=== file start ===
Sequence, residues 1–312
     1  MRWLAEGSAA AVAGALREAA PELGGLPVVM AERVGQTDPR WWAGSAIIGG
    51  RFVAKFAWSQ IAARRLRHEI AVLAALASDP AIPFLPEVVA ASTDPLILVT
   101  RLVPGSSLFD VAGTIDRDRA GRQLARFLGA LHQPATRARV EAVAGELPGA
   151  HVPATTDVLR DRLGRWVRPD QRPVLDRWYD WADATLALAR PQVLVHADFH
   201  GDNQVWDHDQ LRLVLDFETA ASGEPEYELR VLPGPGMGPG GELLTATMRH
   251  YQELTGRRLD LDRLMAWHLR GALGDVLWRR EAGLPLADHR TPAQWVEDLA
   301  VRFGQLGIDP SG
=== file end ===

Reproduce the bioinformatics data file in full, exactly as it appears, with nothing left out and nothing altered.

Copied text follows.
Sequence, residues 1–312
     1  MRWLAEGSAA AVAGALREAA PELGGLPVVM AERVGQTDPR WWAGSAIIGG
    51  RFVAKFAWSQ IAARRLRHEI AVLAALASDP AIPFLPEVVA ASTDPLILVT
   101  RLVPGSSLFD VAGTIDRDRA GRQLARFLGA LHQPATRARV EAVAGELPGA
   151  HVPATTDVLR DRLGRWVRPD QRPVLDRWYD WADATLALAR PQVLVHADFH
   201  GDNQVWDHDQ LRLVLDFETA ASGEPEYELR VLPGPGMGPG GELLTATMRH
   251  YQELTGRRLD LDRLMAWHLR GALGDVLWRR EAGLPLADHR TPAQWVEDLA
   301  VRFGQLGIDP SG